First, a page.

When you settle on your blog theme and modify it to your liking, it becomes just that – something that you think looks good. But what about everyone else? Do they appreciate all those hours of toil you’ve put in picking fonts, colours, header graphic and heading sizes? Yes, I know you can do website testing and look at heat maps. And, of course, from your own surfing, you pick up an idea of what looks good to you, and conversely, the sites where you click the back button as quickly as possible! Good site design should help to make your experience on a site memorable.
There are some fundamentals of good blog practice, layout and design which are pretty much common sense. Let’s have a quick look at them.
Clear and uncluttered
This is perhaps the fundamental requirement of good blog layout. Once you land on a webpage, it shouldn’t be mesmerising and turn readers off. You should immediately find the look appealing, be able to read the post without distraction, and quickly find the search box, RSS, email subscribe and share buttons. There should be plenty of white space dividing up the different sections so it’s easy for the reader to compartmentalize each part. Text links should be clear. The header area should be neat with the blog title and tag line clearly visible. Link the site logo to the Home page. The site should also be easily navigable with clear, large links to the About page, Contact page, Categories and Archives. I personally prefer a 2 column design rather than the 3 column layout. I find it’s generally less cluttered. Sometimes the main centre column on the 3 column layout can be rather narrow and this can create a long thin area to scroll down through on a longer post. Site Sketch 101, shown below, is a great example of a clear, appealing layout.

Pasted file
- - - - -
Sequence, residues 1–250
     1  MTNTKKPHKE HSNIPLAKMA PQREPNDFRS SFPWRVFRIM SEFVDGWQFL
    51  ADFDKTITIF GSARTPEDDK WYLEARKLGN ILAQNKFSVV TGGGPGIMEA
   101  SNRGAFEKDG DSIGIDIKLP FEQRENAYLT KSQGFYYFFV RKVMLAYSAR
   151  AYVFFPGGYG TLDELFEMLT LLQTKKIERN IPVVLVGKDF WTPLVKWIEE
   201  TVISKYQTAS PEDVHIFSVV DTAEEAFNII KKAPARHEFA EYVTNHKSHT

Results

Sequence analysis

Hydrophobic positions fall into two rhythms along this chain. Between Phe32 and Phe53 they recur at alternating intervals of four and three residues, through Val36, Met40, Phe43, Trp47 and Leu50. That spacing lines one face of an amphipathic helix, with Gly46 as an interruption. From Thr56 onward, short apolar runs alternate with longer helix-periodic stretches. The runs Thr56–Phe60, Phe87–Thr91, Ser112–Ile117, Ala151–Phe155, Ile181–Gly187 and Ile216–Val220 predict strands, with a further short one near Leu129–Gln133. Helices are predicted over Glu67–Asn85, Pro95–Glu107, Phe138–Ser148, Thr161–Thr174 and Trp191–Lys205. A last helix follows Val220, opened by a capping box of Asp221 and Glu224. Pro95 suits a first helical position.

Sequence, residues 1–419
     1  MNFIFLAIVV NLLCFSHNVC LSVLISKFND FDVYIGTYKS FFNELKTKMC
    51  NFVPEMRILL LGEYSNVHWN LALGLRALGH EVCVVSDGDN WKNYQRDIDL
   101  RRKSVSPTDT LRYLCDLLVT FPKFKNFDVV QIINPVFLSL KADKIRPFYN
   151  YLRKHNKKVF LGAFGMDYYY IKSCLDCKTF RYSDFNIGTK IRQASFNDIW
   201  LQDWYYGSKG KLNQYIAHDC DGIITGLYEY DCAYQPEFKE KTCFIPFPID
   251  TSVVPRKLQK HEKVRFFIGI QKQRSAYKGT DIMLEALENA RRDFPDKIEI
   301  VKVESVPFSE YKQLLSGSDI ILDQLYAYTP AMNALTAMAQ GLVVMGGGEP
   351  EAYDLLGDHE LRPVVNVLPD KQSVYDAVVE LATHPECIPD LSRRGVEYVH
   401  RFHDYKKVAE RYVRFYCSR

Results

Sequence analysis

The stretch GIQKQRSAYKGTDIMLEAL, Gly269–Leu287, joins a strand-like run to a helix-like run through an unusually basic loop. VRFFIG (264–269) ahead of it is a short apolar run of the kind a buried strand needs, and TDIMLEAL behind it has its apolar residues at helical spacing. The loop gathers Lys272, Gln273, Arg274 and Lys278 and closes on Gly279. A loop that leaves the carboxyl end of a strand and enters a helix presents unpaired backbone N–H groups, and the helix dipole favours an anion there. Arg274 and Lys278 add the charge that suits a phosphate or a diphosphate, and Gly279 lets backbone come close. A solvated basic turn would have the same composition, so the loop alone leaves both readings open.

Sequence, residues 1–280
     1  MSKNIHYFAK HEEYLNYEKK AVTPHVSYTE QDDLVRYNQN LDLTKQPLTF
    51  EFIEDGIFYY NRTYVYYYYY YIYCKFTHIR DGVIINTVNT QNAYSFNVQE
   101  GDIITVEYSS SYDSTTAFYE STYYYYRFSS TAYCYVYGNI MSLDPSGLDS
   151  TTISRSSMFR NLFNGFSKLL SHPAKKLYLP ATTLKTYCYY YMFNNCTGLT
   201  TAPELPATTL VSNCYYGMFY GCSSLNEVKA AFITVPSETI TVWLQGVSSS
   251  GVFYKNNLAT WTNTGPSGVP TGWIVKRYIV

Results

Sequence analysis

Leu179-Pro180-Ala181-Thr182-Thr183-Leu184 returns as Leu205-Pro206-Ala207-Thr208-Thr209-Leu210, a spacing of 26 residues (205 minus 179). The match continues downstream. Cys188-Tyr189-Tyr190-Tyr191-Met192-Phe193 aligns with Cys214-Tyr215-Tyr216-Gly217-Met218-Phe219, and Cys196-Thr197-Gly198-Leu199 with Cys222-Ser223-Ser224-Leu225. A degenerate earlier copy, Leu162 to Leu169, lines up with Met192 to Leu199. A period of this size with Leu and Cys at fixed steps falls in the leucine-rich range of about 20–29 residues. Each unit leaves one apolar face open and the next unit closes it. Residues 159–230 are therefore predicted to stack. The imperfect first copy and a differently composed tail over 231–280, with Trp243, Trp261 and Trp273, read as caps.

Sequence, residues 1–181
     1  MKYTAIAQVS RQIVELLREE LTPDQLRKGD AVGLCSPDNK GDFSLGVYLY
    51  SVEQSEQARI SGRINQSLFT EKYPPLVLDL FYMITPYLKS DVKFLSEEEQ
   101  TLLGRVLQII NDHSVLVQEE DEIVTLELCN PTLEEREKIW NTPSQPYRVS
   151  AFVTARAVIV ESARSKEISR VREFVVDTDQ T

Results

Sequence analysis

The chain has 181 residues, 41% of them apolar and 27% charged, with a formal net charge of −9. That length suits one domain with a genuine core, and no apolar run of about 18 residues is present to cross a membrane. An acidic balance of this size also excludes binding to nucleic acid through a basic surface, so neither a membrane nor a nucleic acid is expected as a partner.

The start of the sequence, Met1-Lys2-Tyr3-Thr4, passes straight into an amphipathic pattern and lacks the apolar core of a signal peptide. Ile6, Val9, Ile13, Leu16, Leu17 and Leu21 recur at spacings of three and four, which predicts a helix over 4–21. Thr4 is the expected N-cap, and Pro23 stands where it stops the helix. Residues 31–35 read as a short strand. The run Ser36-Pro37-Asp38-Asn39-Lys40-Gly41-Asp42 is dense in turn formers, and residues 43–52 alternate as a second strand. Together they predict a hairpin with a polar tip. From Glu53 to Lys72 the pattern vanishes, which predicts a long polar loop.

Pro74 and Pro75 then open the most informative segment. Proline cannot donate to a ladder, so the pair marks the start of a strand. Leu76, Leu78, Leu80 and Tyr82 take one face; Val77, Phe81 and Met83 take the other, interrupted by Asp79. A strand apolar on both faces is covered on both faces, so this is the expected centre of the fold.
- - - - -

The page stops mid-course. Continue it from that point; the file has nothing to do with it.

This is an important area which can turn a reader off straightaway. If the font size is too small, the reader may be forced to zoom in, if they know how to (in Firefox and Chrome, Crtl key+mouse scroll wheel). And avoid light grey text on a white background which can be hard to read.
Typetester is a great website where you can try out different fonts and compare different font sizes and colours on your way to a final choice.
Avoid long paragraphs
With so much content to browse through each day, we all want information quickly so we can move on to the next blog. Reading long paragraphs in a post can be quite daunting. Try and break them up into shorter chunks and obviously also try to be concise.
Use images to break up the text
Images can help make the text less daunting especially if it’s a how-to post. But don’t go overboard and show screenshots of every single step in a process. If the procedure is common sense then cut out the superfluous screenshots.
Here’s a nice little tip which I came across on Digital Inspiration. Don’t display Google AdSense ads on articles for three days from the date of publishing. Thus people who follow the site regularly don’t see ads.
Don’t put obstacles in my way
I’ll list several annoyances in blog practice which slow me down when surfing. First, going from your RSS reader to the website you may sometimes have to click through an intermediate page.
Then there’s the pop up urging me to sign up for something the minute I arrive at a site. These appear centre screen with the background greyed out and you can do nothing till you sign up or close the box. Third, there’s the awkward-to-read captchas when you are making a comment on a post or you’re submitting something.
You’ve all seen them. You have to copy hard-to-read words into a text box before you can submit a comment. You can reload the words by clicking the top button if they’re obscure and I’ve found myself clicking 3 or 4 times to get to some text which I can just about read. Please don’t put us off commenting with these obstacles.
If you really have to read good content on a poorly designed blog, you do have the ultimate option of using a readability plugin. With the press of a button, these quickly strip out unnecessary stuff and just leave clutter-free scrollable text in a readable font size. These extensions are available for Firefox and Chrome. I use the iReader extension for Chrome and it’s also available for Firefox.